Four Tips to Avoid Penalties for "Commingling" Residents' Security Deposits
Owners must be careful about where they keep the money residents give them as security deposits. A security deposit is not in the same category as a rent check or other type of payment an owner may receive from a resident. Technically, the security deposit belongs to the resident. Although you hold it while the resident lives in your building, it is not your money unless and until the resident moves out leaving unpaid rent or damage to the apartment.
New York requires owners to keep security deposits in separate bank accounts and not mix, or “commingle,” them with personal or other business funds [General Obligations Law § 7-103(1)]. “Any commingling of tenant's security deposits with an owner's funds—personal, general, or otherwise—is illegal. If there is commingling, I always tell clients that they must clean it up immediately. Nobody wants the attorney general after them,” says attorney Karen Schwartz-Sidrane of the Hewlett, N.Y., law firm of Sidrane & Schwartz-Sidrane, LLP.
In fact, the New York State's attorney general's office has its own “Rent Security Complaint Form” that tenants can fill out to initiate an investigation of owners who fail to place security deposits in trust accounts or to pay interest on the security deposits. Along with penalties imposed as a result of an attorney general investigation, courts have ruled that the commingling of a security deposit with an owner's personal funds entitles a tenant to immediately recover the deposit, preventing the owner from using the security deposit from any damage to the apartment.
Tip #1: Don't Keep Security Deposits with Personal Funds
While it is okay to keep rent funds in personal bank accounts, it is not okay to treat security deposits the same way. Keeping security deposits with personal funds is considered “commingling.” Failing to keep security deposits in an account separate from personal funds could therefore undermine your right to keep the deposit and expose you to a lawsuit and damages.
Example: A New York owner kept a resident's entire security deposit to pay for apartment damage. The owner offered evidence at trial that it incurred the expenses of $980 to paint two bedrooms, $75 to repair the kitchen and dining rooms' light fixtures, and $175 to remove the resident's abandoned property. The resident claimed that since the owner deposited the security deposit in his personal bank account, the resident should be allowed to recover the entire deposit. The owner had, in fact, deposited the security deposit and the first month's rent in his personal checking account and not in a segregated and numbered account as required by New York State law. The court found him guilty of commingling and ordered him to return the security deposit to the resident [Rhodes v. Calhoun, September 2005].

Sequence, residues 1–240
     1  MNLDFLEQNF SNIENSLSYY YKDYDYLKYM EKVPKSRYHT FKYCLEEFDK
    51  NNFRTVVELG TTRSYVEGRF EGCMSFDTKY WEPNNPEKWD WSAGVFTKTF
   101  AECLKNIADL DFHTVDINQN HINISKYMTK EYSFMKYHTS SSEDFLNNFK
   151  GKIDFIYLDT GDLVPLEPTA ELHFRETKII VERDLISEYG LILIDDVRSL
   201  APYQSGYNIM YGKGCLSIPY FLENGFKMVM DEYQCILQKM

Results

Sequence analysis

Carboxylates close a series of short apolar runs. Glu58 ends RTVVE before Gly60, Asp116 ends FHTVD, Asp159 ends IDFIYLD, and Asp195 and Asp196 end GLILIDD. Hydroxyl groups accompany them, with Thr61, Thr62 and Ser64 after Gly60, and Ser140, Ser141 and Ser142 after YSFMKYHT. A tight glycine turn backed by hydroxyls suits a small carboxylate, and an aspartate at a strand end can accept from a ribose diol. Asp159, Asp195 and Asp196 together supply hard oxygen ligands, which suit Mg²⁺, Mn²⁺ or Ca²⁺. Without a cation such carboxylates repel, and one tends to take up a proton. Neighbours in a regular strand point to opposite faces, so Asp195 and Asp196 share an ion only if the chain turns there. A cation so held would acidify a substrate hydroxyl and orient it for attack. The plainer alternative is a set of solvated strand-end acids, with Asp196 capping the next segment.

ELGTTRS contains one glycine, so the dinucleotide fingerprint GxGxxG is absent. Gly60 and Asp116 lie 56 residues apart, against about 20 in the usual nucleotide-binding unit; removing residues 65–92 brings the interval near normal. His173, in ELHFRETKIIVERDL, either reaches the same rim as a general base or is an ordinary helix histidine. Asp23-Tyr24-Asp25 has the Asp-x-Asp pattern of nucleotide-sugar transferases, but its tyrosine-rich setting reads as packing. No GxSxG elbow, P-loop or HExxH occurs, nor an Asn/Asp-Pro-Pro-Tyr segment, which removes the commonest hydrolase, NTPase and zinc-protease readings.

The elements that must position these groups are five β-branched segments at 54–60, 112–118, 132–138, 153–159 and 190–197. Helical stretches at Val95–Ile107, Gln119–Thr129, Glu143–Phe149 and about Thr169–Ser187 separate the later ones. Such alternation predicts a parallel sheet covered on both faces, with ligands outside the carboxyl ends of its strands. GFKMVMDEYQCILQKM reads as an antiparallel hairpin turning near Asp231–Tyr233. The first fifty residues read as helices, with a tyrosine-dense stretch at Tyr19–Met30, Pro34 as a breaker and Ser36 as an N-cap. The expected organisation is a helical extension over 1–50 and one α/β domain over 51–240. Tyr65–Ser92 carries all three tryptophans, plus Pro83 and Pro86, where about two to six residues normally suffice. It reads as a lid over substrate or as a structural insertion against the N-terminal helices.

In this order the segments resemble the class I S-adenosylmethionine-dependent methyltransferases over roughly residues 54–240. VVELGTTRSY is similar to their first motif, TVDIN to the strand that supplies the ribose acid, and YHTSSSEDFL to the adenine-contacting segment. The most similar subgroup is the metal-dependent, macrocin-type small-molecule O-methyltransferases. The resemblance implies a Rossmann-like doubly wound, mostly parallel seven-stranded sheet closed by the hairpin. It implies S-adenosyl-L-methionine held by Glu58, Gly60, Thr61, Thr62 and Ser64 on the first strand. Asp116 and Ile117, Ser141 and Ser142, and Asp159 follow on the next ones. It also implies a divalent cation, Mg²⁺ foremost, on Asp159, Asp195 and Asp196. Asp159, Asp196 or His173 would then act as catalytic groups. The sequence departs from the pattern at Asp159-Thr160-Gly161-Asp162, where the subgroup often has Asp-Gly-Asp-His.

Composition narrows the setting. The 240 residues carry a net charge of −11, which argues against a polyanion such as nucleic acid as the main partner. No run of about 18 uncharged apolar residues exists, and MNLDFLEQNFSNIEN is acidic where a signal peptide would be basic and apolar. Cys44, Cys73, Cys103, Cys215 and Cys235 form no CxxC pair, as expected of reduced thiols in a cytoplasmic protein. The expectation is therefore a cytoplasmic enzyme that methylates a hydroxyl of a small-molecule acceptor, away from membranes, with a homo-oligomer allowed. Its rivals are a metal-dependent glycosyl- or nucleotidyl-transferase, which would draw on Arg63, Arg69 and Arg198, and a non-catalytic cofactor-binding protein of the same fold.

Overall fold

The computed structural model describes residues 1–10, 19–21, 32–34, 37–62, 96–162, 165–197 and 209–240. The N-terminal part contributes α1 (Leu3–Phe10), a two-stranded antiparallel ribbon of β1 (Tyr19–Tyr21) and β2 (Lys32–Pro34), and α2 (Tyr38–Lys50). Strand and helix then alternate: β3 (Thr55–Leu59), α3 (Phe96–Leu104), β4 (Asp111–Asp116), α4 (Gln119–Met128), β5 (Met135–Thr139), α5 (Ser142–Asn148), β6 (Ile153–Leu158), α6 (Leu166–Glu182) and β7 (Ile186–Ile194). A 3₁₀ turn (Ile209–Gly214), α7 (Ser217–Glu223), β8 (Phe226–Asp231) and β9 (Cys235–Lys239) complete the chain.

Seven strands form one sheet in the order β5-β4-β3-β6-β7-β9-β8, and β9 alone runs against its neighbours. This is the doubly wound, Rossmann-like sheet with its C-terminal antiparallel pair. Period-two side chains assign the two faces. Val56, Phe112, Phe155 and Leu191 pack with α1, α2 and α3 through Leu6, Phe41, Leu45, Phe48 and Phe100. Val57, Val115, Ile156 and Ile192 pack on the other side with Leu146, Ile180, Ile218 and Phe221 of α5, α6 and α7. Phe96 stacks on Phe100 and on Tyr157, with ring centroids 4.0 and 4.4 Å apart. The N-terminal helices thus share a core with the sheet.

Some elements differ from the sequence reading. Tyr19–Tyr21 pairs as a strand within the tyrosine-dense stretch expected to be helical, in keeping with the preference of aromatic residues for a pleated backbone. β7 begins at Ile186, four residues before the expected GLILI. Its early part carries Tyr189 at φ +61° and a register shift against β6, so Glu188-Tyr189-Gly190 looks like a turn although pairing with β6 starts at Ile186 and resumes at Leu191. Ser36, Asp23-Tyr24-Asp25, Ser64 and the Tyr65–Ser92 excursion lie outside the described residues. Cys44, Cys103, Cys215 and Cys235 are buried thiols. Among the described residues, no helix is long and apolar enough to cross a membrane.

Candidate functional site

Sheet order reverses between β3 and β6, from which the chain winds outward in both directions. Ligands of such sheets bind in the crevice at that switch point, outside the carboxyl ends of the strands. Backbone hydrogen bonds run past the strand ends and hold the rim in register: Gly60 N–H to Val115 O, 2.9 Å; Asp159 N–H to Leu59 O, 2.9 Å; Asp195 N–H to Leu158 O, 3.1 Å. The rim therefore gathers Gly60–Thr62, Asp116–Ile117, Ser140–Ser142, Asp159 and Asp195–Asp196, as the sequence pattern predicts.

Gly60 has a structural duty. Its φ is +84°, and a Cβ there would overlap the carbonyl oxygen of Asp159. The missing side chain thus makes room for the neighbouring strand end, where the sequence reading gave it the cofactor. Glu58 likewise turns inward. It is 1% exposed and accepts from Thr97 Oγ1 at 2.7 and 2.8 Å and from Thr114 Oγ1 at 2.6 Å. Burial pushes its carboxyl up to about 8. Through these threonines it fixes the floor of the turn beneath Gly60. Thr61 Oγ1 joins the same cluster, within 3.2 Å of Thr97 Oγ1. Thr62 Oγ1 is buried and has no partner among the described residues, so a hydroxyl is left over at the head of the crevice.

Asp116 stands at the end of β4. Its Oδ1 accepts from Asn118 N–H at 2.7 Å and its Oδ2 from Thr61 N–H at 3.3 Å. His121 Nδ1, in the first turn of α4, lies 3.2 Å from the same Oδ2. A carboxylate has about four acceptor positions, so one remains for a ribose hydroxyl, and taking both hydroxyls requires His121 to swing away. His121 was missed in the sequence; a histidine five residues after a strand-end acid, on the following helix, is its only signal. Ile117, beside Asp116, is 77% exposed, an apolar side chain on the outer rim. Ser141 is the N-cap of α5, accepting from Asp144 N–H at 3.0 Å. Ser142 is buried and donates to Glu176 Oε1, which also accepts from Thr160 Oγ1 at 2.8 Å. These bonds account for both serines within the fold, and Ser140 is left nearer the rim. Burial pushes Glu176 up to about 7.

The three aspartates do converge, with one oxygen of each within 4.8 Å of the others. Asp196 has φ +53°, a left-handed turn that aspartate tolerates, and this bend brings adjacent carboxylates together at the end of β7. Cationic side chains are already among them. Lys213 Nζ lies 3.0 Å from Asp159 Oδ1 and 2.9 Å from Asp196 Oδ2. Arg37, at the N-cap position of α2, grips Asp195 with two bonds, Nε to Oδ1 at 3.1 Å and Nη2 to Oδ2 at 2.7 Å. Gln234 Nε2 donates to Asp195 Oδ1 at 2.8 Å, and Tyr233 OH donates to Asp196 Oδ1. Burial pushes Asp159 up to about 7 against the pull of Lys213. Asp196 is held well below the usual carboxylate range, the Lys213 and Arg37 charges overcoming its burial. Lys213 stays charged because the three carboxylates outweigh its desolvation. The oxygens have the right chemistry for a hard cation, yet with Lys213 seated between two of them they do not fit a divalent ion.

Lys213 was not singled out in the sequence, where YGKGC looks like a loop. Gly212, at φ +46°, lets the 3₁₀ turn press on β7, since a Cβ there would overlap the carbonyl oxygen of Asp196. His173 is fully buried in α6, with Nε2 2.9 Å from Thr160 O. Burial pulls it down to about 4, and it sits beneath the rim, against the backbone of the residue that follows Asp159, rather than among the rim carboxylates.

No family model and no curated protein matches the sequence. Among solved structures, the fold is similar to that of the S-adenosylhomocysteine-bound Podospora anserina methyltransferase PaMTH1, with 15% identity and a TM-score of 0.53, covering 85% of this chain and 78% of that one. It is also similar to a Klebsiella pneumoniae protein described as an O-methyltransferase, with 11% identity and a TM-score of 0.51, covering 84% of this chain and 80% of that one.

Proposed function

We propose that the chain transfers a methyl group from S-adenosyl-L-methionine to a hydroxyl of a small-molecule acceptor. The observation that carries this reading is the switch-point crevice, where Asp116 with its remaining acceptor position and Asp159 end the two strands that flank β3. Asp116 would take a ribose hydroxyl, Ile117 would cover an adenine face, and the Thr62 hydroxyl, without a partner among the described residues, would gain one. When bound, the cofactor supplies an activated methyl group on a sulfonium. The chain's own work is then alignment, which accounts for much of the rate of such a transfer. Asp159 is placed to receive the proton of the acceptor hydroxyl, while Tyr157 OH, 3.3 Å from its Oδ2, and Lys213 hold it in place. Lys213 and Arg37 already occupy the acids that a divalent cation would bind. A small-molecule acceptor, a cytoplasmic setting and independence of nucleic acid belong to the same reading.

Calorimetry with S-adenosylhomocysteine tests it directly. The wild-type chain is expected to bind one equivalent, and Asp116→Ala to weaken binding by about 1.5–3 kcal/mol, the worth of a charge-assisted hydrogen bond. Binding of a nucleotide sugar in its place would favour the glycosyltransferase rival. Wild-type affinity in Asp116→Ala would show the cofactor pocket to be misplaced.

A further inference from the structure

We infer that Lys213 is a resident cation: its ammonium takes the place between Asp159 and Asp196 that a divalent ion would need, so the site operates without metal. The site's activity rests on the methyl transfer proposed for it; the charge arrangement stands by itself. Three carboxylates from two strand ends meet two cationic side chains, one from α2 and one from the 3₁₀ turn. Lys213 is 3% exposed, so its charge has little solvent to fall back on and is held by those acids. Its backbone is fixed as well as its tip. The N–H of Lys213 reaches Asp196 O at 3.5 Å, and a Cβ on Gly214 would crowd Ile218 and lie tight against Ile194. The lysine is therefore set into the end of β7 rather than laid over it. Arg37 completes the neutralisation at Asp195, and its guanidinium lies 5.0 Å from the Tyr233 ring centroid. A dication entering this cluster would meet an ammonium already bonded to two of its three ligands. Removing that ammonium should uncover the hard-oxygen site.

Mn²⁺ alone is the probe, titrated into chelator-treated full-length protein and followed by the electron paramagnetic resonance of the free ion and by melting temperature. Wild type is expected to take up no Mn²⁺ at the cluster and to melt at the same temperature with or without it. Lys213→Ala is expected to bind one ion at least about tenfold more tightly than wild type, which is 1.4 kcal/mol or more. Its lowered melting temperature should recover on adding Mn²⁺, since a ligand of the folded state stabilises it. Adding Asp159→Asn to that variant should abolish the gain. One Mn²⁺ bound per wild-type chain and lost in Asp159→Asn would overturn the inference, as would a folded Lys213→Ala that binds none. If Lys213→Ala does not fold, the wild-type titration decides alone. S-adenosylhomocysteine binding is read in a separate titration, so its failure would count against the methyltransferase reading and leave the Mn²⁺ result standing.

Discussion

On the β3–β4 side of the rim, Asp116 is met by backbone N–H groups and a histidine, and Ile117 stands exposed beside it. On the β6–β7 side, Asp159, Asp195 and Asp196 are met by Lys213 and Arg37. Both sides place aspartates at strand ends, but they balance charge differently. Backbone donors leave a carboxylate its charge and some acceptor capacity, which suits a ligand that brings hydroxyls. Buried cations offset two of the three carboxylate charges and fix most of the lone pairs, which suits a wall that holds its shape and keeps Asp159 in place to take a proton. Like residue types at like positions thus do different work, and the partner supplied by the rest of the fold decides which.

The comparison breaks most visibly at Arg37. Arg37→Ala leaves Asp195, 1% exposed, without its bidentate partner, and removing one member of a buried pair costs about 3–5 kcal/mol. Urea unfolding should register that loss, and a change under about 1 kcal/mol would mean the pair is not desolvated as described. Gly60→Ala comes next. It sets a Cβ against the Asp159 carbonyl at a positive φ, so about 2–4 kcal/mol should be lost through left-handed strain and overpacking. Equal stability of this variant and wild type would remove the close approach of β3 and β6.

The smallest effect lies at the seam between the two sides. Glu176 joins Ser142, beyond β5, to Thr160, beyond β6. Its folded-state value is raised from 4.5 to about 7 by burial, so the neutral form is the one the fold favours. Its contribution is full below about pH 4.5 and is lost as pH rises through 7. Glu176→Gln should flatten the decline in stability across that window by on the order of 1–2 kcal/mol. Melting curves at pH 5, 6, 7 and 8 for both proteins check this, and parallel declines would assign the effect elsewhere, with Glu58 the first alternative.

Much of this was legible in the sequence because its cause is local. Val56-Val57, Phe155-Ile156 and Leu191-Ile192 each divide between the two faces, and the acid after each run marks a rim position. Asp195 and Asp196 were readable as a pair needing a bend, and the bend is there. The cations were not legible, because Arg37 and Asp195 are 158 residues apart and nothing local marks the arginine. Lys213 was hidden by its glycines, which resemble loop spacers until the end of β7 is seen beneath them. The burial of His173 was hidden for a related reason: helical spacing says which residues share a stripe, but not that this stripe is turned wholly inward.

Tip #2: Don't Mix Security Deposits with Rent and Other Funds
Some owners make the mistake of depositing security deposits in the same account where they keep rent funds. This mistake is easy to make because owners typically receive security deposits and the first month's rent at the same time. But this is also considered commingling. You must keep security deposits in an account separate from other business funds.
Although you must not commingle security deposits with other business funds, you can keep a resident's security deposit in the same account with the security deposits of other residents. As long as the account contains only security deposit funds, you will be okay. But if you mix personal or business funds, you will be guilty of commingling. Therefore, you need to make sure you keep careful records showing that you keep only security deposits in the account.
Tip #3: Keep Security Deposit Increases Separated from Personal, Business Funds
Owners are permitted to increase their tenants' security depsoits to equal the rent in renewal leases. Generally, the security deposit is equal to one month's rent, so if the rent goes up, the deposit also goes up.